Setsubun Celebration 節分

Setsubun Celebration 節分

February 3rd is a Japanese celebration called “Setsubun” — a seasonal division— to celebrate the day before the spring in  the lunar calendar.  It gives me a very positive feeling as the walk towards spring has begun.

IMG_9572.jpg
IMG_9573.jpg

Western part of Japan, where I am from, has a tradition to eat a big roll of sushi while facing a “lucky” direction of the year.  We have to finish eating the whole roll without talking to keep the good spirit inside our body.  I remember I couldn’t help giggling at the dinner table.

This year we celebrated a day early as we had friends over.  The lucky direction is “South South East”.  The whole roll was a little big, so a half would do.  The quietest dinner with friends ever, but I am glad they got to experience a little Japan with us.

This tradition of the Western Japan is practiced in many parts of Japan now, though I believe it’s a new trend.  Many Japanese college friends I met hadn’t heard of this.  It was over 15 years ago in Atlanta, GA when I felt nostalgic to practice this custom on 2/3 and called in a Japanese restaurant to order “Futomaki”—a big roll— after work.  I was so excited, all pumped up to tackle my roll.  I opened the lid of the take-out box.  I was so stunned.  My roll was pre-cut!!  Oh, you can imagine how disappointed I was.  I admit I neglected to mention my futomaki to be a whole.  But I feel the popularity of this tradition is definitely spreading when I found the non-cut futomaki rolls on sale the day before “Setsubun” in California this year.

IMG_9618.jpg

I also made “Fuku mame,” —Goodluck Bean (roasted soy beans) to go with the tradition.  Evil out, Fortune in.  May the year be filled with health and good fortune for you and your family.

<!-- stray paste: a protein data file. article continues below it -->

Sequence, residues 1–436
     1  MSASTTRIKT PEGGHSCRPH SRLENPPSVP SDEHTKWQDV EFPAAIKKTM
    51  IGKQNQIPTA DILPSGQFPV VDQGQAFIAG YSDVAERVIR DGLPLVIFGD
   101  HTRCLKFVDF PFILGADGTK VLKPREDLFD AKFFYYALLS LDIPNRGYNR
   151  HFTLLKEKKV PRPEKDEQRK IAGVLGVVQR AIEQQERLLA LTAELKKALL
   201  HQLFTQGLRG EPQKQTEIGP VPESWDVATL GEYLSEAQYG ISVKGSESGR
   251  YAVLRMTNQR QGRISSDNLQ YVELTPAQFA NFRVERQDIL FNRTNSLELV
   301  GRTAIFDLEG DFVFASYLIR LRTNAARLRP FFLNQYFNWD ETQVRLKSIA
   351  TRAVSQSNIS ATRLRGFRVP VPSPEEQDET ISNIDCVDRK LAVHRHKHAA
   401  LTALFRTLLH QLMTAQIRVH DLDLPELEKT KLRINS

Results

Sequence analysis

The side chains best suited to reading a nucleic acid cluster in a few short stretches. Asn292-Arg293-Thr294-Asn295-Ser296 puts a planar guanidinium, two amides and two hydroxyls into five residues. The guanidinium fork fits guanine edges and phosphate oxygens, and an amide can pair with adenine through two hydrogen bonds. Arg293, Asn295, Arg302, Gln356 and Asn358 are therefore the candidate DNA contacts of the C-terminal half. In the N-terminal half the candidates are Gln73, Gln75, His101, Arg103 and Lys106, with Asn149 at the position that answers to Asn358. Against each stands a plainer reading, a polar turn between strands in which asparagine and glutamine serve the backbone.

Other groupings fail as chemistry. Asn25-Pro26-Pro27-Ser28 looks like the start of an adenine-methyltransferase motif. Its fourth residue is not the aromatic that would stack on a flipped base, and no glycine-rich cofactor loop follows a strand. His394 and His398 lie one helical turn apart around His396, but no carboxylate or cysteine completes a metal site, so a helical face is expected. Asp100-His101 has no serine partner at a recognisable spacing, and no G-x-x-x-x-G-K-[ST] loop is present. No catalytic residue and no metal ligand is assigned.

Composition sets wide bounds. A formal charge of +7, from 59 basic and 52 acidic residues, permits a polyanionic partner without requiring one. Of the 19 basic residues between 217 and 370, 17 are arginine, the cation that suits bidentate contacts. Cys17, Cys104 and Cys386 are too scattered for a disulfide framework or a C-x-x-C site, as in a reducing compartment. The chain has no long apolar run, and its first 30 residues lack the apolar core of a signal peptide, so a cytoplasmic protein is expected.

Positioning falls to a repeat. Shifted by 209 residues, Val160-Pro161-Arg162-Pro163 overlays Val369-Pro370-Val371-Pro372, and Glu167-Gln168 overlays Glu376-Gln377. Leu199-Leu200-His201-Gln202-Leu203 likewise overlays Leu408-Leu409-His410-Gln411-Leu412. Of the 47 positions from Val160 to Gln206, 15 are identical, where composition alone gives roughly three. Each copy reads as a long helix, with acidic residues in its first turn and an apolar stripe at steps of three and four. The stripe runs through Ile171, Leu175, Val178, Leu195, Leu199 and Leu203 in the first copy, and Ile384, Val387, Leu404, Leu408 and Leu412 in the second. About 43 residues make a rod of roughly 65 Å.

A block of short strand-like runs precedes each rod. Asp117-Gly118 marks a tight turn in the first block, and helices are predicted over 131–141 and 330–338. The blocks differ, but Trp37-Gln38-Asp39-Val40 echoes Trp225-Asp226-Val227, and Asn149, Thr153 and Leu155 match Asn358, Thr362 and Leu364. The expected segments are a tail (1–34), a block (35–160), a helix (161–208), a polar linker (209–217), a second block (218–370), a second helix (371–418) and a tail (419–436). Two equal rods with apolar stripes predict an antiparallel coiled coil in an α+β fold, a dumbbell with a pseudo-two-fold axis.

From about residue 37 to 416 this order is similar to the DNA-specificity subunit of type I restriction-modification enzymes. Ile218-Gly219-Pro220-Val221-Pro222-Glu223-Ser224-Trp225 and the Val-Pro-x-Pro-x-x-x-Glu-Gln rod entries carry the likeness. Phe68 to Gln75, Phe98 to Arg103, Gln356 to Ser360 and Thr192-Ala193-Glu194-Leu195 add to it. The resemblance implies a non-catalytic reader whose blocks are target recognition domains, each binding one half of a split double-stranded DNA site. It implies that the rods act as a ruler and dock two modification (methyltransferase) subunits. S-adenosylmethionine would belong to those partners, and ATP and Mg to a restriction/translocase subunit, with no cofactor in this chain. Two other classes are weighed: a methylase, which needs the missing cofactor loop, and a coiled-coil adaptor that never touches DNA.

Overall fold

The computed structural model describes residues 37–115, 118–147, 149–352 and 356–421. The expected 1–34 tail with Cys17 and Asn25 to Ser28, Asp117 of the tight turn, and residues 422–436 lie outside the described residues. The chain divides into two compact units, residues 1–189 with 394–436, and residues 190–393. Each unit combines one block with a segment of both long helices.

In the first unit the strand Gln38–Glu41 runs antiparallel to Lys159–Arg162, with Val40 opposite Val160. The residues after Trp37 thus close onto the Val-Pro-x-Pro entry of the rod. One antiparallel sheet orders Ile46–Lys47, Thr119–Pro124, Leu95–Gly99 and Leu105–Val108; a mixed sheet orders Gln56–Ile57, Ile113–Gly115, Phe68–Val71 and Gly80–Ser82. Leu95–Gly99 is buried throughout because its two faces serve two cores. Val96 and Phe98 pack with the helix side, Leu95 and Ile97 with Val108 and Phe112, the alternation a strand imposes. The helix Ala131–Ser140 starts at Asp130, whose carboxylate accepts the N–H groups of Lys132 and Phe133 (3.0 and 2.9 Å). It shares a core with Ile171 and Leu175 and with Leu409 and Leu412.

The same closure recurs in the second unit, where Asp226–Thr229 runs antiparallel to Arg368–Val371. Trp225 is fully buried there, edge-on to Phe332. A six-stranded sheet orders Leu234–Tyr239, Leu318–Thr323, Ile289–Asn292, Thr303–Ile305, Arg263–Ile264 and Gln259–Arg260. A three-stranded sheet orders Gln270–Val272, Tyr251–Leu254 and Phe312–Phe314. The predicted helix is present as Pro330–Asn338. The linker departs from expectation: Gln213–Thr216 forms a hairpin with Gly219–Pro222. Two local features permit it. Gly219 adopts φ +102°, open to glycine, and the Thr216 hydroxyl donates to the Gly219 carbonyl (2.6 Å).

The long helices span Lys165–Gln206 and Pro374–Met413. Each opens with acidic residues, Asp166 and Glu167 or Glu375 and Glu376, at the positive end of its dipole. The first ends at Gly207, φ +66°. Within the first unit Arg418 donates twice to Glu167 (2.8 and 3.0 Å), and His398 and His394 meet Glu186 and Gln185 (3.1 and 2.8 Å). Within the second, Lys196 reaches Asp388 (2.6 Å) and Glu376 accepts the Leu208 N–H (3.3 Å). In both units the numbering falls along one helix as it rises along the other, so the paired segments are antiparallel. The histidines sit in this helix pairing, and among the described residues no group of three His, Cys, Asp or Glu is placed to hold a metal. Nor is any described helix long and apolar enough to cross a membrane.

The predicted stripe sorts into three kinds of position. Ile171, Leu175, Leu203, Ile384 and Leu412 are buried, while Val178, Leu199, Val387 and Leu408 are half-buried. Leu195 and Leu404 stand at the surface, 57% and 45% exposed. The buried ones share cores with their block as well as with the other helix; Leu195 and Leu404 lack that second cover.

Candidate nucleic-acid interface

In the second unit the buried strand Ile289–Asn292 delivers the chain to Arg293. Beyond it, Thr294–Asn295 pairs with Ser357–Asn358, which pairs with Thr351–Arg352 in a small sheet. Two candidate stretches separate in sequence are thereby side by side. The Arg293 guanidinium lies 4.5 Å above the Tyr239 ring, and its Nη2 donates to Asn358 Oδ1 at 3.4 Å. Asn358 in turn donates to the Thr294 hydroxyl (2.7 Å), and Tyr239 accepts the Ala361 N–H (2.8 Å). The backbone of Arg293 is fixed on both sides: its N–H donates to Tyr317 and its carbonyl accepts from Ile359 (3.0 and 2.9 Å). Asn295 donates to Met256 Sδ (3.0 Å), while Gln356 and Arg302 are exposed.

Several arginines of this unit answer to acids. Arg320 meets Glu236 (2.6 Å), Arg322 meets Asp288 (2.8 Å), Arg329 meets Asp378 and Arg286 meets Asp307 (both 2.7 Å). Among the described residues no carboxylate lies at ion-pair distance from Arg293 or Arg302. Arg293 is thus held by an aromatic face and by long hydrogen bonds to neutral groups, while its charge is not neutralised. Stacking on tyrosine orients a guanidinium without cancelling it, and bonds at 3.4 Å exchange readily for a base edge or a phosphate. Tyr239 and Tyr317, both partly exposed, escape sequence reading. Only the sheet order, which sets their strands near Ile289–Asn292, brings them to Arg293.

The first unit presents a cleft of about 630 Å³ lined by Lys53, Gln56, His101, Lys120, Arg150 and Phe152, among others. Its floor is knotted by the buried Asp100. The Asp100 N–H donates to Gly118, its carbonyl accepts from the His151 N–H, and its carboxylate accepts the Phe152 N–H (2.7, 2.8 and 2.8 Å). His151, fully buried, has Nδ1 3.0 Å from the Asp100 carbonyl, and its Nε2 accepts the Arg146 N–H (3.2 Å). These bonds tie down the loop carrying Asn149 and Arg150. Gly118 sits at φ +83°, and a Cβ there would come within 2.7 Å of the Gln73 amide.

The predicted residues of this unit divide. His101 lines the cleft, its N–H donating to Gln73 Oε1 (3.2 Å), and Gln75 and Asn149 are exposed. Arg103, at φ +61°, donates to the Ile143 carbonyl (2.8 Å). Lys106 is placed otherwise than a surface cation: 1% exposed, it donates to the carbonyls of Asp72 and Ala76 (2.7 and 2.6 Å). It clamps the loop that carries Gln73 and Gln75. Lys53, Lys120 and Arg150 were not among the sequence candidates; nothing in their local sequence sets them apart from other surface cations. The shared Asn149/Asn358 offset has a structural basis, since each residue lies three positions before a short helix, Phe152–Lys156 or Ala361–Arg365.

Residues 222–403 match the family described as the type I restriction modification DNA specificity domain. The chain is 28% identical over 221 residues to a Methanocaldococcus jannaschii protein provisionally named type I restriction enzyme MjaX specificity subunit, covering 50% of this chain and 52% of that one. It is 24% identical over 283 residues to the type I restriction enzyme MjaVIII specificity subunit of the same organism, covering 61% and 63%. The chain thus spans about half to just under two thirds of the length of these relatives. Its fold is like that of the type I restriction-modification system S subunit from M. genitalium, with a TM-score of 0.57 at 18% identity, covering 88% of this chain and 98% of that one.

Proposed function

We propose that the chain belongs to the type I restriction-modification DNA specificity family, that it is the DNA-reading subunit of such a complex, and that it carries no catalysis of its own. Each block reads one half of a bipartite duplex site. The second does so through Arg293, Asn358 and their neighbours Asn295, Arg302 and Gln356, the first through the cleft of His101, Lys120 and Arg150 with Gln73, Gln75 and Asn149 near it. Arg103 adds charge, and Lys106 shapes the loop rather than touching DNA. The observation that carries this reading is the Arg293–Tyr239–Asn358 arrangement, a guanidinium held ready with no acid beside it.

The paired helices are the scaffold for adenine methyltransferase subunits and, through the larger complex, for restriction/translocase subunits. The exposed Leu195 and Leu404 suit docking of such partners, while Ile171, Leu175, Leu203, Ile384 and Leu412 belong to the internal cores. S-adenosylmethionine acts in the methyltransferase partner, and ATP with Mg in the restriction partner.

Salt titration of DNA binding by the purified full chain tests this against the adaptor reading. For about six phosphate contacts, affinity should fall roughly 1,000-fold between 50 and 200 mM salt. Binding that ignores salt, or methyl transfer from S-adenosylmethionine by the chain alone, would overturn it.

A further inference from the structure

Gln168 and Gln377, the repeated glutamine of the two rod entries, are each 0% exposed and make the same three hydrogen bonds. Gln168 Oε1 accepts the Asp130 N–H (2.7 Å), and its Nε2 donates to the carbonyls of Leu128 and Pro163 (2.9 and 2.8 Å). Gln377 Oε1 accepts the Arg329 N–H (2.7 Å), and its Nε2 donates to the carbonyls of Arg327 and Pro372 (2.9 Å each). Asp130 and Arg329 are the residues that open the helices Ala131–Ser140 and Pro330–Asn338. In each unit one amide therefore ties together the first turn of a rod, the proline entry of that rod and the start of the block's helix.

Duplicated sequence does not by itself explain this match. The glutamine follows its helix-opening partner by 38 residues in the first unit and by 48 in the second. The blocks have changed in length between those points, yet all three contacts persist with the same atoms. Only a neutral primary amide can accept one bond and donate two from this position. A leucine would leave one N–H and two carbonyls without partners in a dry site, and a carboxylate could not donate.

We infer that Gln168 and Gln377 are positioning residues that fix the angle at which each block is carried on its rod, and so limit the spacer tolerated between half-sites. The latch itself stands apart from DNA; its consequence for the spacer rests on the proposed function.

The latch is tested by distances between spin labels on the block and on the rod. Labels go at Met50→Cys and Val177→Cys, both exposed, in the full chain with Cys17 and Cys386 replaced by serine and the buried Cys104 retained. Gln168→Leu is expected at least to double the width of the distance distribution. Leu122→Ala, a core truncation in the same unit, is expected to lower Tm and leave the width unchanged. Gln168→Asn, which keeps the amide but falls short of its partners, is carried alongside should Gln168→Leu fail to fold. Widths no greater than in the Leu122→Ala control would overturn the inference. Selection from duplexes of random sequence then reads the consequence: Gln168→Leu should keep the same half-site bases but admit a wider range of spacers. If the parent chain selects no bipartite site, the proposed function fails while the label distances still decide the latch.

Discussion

For more information about Setsubun, please see below.

2/3は節分。大事な季節の節目ですね。これから春へ向かっていくと思うと、とても嬉しい気持ちになります。私の出身地関西では「ふとまき」にかぶりつき、恵方を向いて黙って食べるという習慣があります。子供の頃はクスクス笑いながら食べたものです。

今年は娘のお友達が来ていたということもあり、1日早く一緒にお祝いしました。今年の恵方は「南南東」。太巻き一本は多いので、半分で。静まり返る中で一生懸命食べてくれたのが嬉しい。

今でこそ節分の太巻きを食べる習慣は全国に広がっているみたいですが、私が日本にいた頃はそうでもなかったような。もう15年以上前になるかな、アトランタに住んでいた頃、ふと節分が恋しくなり2/3に近くの日本食レストランで太巻きを電話でオーダー。家に帰りさぁかぶりつくぞ!と意気込んで容器の蓋を開けると、綺麗にカットされていて落胆!確かに「ノンカットで」とは注文しませんでしたが、カリフォルニアで節分前日にノンカット太巻きがセールになっていることを思えば、関西の風習の知名度は確実に上がっているのを感じます。

 

Setsubun (節分) is the day before the beginning of spring in Japan.[1][2] The name literally means "seasonal division", but usually the term refers to the spring Setsubun, properly called Risshun (立春) celebrated yearly on February 3 as part of the Spring Festival (春祭, haru matsuri).[3] In its association with the Lunar New Year, spring Setsubun can be and was previously thought of as a sort of New Year's Eve, and so was accompanied by a special ritual to cleanse away all the evil of the former year and drive away disease-bringing evil spirits for the year to come. This special ritual is called mamemaki (豆撒き, literally "bean scattering"). Setsubun has its origins in tsuina (追儺), a Chinese custom introduced to Japan in the eighth century.[2]

NOLA in SF  ニューオーリンズをサンフランシスコで

NOLA in SF ニューオーリンズをサンフランシスコで

Nov. Exam Result 検定結果

Nov. Exam Result 検定結果